Islam (الإِسْلاَمُ) is a stated ambition to Islamise all others into the influence of [the] Shari’ah (شريعة).

Islam (الإِسْلاَمُ) is a stated ambition to Islamise all others into the influence of [the] Shari’ah (شريعة).

What is today, termed, Islamic fundamentalism, can be more easily understood than many folks realise. It is not so difficult to understand the zeal of some Muslims, as defined by Islamic canonical texts. The term fundamentalism, however, is a meaningless expression unless the word is grounded in some way. Any attempt to explain belief, doctrine, actions and other religious observances and ordinances is a futile exercise without a way of defining terminology. If we begin to use terms such as fundamentalism to describe what adherents of a given faith regard to be a religious duty, when that duty is a spirit of murder, then it becomes apparent that at least in some people’s minds all religious orthodoxy becomes suspicious. For that reason, the term fundamentalism is unhelpful, albeit that it is a valid expression.

All religious belief systems have at their heart an orthodoxy. That is to say; all religious belief systems have a written record, a point of origin, and a prophetic voice. In the case of Islam, this means the early seventh century in the Arabian Peninsula with Muhammed and his prophetic recitation. In the case of Christianity that would mean Christ, in Judea two thousand years ago and the New Testament record of His life and ministry. All religious belief systems have written accounts that set down their views. In the case of Islam, this would mean the recitation of Muhammed, including the canonical biography of Muhammed and the Prophetic Hadith. In the case of Christianity, this would mean the Greek New Testament.

The term fundamentalism ought to mean that which pertains to the central orthodoxy of a given faith. Moreover, belief is primarily defined through the written account. It stands to reason, therefore, that a knowledge of the written account is the only accurate way of establishing what a fundamental view of any given belief system is.

There are several ways to go about answering that enquiry. For example, we could take a political position. That would more than likely mean asking how a given belief system views others. If we know how Islam or Christianity sees others, according to their books, then we may have a primary political position from which to establish what Islam or Christianity is. The difficulty with taking a political stance is that to do so has the effect of excluding the most fundamental aspect of religious orthodoxy  – which is obedience to God. Those core beliefs that explain what obedience to God means are called prophetic doctrine and are grounded in the words and actions of a prophetic character. Doctrine, therefore, could also be defined theologically, as teachings.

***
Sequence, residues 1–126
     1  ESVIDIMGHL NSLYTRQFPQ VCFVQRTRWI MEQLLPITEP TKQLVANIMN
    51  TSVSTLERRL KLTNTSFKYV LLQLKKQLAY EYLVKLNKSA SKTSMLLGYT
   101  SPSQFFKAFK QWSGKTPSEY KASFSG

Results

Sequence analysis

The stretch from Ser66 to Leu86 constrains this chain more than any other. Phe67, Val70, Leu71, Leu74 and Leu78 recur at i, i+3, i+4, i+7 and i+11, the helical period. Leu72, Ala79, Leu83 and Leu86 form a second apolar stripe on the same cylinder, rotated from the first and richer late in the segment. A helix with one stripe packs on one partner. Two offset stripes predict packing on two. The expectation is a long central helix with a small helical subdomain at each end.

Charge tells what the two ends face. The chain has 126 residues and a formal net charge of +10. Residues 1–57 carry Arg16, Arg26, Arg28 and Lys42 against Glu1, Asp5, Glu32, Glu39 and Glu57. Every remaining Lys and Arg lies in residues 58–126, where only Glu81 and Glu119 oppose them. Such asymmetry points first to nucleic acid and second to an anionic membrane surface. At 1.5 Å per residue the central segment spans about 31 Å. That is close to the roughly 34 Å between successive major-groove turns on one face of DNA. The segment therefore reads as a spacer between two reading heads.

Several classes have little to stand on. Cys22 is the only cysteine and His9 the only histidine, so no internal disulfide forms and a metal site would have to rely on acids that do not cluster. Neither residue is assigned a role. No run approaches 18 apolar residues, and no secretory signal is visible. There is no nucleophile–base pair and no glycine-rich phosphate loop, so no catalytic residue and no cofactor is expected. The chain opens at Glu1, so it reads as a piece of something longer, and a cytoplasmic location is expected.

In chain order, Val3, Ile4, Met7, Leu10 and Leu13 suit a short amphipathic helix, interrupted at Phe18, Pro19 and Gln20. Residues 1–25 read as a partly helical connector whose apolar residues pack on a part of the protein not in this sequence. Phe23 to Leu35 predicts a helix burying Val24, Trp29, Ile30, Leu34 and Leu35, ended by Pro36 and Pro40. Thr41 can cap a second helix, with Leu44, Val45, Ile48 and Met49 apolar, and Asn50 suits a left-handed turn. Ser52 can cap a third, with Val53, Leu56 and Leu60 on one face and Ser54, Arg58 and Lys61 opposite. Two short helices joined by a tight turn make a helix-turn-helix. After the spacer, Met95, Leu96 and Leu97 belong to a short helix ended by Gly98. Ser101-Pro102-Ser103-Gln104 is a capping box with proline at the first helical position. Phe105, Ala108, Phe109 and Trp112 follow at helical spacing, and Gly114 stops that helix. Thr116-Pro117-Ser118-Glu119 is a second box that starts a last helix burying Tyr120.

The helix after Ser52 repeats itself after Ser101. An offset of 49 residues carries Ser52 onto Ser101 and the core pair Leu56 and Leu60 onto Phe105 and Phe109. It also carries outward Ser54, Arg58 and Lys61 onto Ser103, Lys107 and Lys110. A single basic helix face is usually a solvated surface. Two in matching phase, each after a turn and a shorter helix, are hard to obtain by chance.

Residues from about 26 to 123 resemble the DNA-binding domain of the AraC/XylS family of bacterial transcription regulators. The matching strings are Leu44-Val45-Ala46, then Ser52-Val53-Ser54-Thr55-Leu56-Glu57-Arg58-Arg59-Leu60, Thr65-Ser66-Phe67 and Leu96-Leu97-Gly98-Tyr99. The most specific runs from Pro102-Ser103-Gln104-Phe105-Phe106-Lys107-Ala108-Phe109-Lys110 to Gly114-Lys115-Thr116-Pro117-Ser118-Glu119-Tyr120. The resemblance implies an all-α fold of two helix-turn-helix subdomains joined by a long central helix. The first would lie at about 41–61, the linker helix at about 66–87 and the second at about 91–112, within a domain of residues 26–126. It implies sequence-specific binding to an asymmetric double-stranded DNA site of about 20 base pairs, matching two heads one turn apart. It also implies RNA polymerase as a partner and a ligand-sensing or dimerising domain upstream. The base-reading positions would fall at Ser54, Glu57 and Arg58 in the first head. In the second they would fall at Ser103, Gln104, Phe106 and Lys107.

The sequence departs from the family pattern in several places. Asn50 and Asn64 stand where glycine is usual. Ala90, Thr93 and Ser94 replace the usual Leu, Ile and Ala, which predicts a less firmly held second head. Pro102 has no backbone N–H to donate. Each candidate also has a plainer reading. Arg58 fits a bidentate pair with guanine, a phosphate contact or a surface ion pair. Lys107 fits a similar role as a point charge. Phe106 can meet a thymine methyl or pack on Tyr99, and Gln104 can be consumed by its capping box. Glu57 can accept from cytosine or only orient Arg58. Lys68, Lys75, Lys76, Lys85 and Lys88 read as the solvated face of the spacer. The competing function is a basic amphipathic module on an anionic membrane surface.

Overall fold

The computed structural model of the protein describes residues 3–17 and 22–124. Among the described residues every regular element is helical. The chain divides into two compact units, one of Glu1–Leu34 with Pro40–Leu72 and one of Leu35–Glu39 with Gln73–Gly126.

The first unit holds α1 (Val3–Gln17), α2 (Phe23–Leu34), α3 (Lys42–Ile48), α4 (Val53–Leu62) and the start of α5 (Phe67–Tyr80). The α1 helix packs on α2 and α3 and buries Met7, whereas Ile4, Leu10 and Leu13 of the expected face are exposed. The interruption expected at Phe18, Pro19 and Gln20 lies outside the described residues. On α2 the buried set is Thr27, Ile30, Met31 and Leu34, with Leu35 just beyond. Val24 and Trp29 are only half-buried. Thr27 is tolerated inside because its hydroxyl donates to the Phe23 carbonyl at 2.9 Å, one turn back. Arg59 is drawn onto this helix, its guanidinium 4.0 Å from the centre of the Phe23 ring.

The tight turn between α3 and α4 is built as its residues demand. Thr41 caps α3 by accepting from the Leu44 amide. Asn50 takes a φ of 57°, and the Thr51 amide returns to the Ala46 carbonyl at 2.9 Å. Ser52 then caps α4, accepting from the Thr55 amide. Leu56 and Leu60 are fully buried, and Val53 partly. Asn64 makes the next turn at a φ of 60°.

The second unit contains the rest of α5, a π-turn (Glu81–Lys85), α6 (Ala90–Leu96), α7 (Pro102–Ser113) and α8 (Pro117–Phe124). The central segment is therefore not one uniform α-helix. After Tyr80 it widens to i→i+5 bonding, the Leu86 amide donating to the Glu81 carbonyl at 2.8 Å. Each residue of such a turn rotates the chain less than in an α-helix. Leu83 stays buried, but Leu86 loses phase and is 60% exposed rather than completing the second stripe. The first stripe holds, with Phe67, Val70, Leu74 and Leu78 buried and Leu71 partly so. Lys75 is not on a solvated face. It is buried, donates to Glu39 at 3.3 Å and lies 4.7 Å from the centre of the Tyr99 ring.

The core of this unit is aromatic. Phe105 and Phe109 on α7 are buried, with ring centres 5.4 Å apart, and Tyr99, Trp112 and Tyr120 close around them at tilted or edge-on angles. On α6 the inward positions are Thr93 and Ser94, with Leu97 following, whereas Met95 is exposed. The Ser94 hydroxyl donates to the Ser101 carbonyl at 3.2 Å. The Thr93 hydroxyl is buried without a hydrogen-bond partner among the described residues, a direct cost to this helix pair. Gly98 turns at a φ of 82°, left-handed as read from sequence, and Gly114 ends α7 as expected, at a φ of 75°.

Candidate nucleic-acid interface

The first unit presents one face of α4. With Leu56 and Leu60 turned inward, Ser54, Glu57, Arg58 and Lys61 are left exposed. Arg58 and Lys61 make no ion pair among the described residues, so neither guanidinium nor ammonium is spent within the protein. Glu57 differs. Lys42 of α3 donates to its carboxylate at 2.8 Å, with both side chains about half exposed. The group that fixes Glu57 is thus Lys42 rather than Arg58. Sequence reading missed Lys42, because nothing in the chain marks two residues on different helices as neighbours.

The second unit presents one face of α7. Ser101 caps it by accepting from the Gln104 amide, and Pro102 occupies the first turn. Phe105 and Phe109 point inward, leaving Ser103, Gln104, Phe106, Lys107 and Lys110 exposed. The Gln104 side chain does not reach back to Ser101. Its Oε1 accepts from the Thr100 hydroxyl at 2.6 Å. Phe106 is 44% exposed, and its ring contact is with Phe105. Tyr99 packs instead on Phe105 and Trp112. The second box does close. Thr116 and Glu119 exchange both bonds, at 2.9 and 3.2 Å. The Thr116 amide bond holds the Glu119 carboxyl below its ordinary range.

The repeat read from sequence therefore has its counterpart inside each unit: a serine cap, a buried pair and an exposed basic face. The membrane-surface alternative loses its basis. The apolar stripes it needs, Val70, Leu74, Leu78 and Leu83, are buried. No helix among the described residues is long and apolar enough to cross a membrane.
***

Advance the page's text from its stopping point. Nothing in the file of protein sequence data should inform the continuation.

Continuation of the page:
It must be self-evident that to exclude theological ideas in any examination of Islam or Christianity necessarily means excluding the religious motives of Muslims or Christians in understanding their actions and practises.

The second way of seeking to understand religious orthodoxy or fundamentalism would be to look at doctrinal ideas. These doctrines must of necessity be grounded in time, place and person. They must have a written verifiable source. The difficulty with taking this approach is that unless you have a point of reference, (in this case a theological point of reference), how will you explain religious orthodoxy, regardless as to which religion you examine? In other words, if you do not hold a religious belief how will you know that what you have heard or read about Islam, for example, either makes sense or else has any truth in it? One way that this problem is overcome, rationally, is to make a comparative theological examination between several belief systems.

There is a third way of addressing the same question, and that is to look beyond the visible attributes of religious belief, both ideologically and physically, to discern spiritual substance. Indeed, Islam is very easy to understand for the born again Christian because Islam is first and foremost a religious enterprise. For the born again Christian, acts of religious duty, in whatever form they take, cannot of themselves define what religious belief is. In rather the same way outward ordinances such as ceremonies and religious rites cannot of themselves prove spiritual substance. Nevertheless, there is a spiritual element in Islam, and it is that substance that I am expressly asked to define and make sense of. I will be doing that as a born again Christian. My language will be clear and unapologetic. The conclusion will be disturbing and at the same instant, present a meaning that makes room for a balanced view of Muslims themselves. Whilst individuals may be entirely sincere, spiritual reality is always particular, directed and informed by a mind of determination, even when it is knowingly wicked. It is for that reason we must be clear in our presentations. Otherwise we will simply stir emotions, and a real understanding will be lost. 

Robert Chisholm

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